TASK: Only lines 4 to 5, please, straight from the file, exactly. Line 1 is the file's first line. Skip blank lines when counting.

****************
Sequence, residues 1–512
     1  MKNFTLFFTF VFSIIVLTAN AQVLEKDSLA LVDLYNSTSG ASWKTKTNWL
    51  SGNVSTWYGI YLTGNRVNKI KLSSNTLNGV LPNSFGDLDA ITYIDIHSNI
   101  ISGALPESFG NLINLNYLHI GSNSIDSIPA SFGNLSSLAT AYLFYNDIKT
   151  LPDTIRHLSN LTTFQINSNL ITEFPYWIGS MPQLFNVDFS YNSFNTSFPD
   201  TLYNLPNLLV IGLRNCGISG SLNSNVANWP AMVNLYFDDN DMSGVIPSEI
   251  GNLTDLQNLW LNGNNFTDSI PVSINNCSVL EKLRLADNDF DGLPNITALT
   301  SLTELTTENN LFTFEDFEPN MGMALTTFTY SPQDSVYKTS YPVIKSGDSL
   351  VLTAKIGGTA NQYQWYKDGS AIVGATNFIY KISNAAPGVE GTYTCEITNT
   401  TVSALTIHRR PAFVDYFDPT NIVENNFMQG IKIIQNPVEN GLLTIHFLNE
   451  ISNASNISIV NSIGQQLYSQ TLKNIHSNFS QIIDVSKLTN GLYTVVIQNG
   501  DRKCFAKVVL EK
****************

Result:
   101  ISGALPESFG NLINLNYLHI GSNSIDSIPA SFGNLSSLAT AYLFYNDIKT
   151  LPDTIRHLSN LTTFQINSNL ITEFPYWIGS MPQLFNVDFS YNSFNTSFPD